Numerous species of fish now inhabit the wreck including schools of curious batfish, great barracuda, moray eels, lionfish, scorpionfish and schools of glassfish. The Boga wreck is ideal for wreck and deep diving specialty courses as well as for advanced level fun divers.
Jepun Wreck – Padang Bai, Bali
The Jepun wreck in Padang Bai takes its name from the dive site Jepun. This wreck of a recreational speed boat is one of the highlights of the dive site and it lays at a depth of 20 Meters. The wreck attracts large schools of glassfish which reside in the front of the cabin and in turn attract larger fish. Look out for hungry lionfish hunting, moray eels hiding out in the darkest corners, scorpionfish camouflaged against the sides of the boat and an array of nudibranch on the sand nearby. Other highlights of this dive include occasional frogfish, stingrays, octopus, cuttlefish and even rhinopias!
Mawali Wreck – Lembeh, North Sulawesi
The most famous and the largest of the wrecks in the Lembeh Strait is the Mawali Wreck. This Japanese freighter sank during World War II due to a fire. The reck now lays on its port side with its propeller still intact. The wreck ranges in depth from 15 meters to around 30 meters and it is home to a wealth of rare and unusual marine species – this is the Lembeh Strait after all! The depth range makes this an ideal dive for those with advanced open water certifications and Nitrox divers.
The deck side of the wreck offers fantastic photo opportunities in its cargo holes, its deck buildings – all of which are covered in very healthy hard coral, soft coral and sea fan growth. Besides Pygmy Seahorses, Nudibranchs and various crustaceans it also attracts bigger critters and fish, such as Cuttlefish, schools of Batfish, lionfish, Barracuda and dense schools of Glassfish.
Molas Wreck, Manado / Bunaken, North Sulawesi
The Molas wreck remained a mystery for many years and was thought to be of Chinese or Japanese origin. It now appears that this was actually a Dutch freighter ship that was sunk towards the end of World War II during 1945. At this time the last remnants of Dutch resistance were desperately trying to maintain their foothold on the colonies while Japanese forces still controlled the territories. Although sunk during wartime, some evidence suggests that this freighter was not downed by Japanese aggressors.
The Molas Shipwreck wreck takes its name from the nearby village of “Molas” on the shore. And it now lies at a depth between 22 meters at the bow, and 41 meters at the stern, where a still intact propeller can be found. The depth of this dive makes it suitable for advanced divers, those with a deep diver certification and Tec divers.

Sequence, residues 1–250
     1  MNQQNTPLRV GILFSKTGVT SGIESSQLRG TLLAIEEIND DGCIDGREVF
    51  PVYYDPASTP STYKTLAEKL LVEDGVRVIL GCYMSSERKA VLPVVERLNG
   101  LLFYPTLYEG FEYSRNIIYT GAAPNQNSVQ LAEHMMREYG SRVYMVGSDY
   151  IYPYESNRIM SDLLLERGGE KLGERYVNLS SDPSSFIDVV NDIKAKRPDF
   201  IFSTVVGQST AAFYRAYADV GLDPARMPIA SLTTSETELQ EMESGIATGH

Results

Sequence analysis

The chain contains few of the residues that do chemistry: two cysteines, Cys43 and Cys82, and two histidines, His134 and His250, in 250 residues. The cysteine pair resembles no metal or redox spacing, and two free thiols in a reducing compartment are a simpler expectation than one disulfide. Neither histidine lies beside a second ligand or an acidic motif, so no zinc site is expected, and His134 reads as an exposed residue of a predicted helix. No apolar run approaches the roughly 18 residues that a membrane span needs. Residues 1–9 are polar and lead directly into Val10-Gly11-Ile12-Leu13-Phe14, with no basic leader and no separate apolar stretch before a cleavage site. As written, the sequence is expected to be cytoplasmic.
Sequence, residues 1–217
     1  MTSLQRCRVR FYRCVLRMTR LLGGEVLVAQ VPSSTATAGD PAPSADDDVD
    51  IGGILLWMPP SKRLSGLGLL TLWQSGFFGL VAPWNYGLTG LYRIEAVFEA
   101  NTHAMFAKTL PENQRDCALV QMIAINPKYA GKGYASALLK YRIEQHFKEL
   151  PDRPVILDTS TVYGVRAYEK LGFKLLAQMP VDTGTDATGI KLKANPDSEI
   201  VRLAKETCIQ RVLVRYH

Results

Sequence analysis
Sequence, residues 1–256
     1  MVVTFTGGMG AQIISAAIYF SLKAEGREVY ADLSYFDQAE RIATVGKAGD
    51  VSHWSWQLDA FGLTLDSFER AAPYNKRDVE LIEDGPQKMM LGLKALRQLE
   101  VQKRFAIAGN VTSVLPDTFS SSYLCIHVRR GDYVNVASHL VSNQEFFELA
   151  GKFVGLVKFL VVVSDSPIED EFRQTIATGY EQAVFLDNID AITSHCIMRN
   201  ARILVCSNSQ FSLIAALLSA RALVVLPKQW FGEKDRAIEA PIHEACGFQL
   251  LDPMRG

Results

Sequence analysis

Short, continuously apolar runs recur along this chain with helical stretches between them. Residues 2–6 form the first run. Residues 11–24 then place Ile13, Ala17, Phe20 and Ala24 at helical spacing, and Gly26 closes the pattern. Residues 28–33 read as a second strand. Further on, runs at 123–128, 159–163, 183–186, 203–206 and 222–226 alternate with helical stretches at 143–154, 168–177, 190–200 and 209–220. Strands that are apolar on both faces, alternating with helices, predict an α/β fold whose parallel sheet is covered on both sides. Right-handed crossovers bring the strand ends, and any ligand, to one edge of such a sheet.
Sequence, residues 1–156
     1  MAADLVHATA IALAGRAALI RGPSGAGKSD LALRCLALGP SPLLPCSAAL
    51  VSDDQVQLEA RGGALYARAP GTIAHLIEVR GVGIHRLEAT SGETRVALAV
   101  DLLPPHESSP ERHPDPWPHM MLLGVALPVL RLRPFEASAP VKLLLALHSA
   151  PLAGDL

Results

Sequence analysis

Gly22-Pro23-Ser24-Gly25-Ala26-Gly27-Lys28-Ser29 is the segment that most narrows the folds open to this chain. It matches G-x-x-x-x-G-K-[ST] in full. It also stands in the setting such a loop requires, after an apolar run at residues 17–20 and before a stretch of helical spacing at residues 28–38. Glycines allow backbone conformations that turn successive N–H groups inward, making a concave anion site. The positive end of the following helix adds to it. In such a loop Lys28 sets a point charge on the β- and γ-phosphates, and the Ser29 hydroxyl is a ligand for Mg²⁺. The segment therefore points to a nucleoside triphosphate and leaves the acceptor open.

The marine life on the wreck is impressive and includes schools of snappers, batfish, lionfish, moray eels, nudibranch, numerous crustaceans and cephalopods and even the occasional reef shark patrolling the wreck.
Gili Japanese Wreck – Gili Islands, Lombok
The Gili Island’s Japanese wreck is a deep dive as the deepest point of the wreck sits at 45 meters. This dive is best suited to divers who have an advanced open water certificate and deep dive or Tec certification.
The wreck was a Japanese Patrol boat from World War II, it’s about 20 meters long and it is now home to a wealth of interesting marine species. Look out for numerous scorpion and lionfish which hunt here, frogfish, nudibranch, schools of fish and even the occasional passing reef shark. This is a beautiful dive from start to safety stop.
- Best dived from Two Fish Divers Gili Air Resort
Ready For Wreck Diving?
Have we whetted your appetite for wreck diving? Are you ready to explore some of Indonesia’s most exciting and vibrant wrecks? If you are not yet PADI Advanced Open Water Certified why not take your course with us and include wreck diving as one of your course components? Do you want to learn more about wreck diving? The PADI Wreck Diver Specialty will give you a more in-depth understanding of wreck diving and includes penetration techniques too.
If you’d like to make a reservation or for more information about diving with us or taking your next level of PADI certification, fill out the form below and we’ll get right back to you. Do you want to dive and save? Check out our latest special offers here (special offers must be mentioned when booking)
We look forward to exploring some of Indonesia’s wrecks with you soon!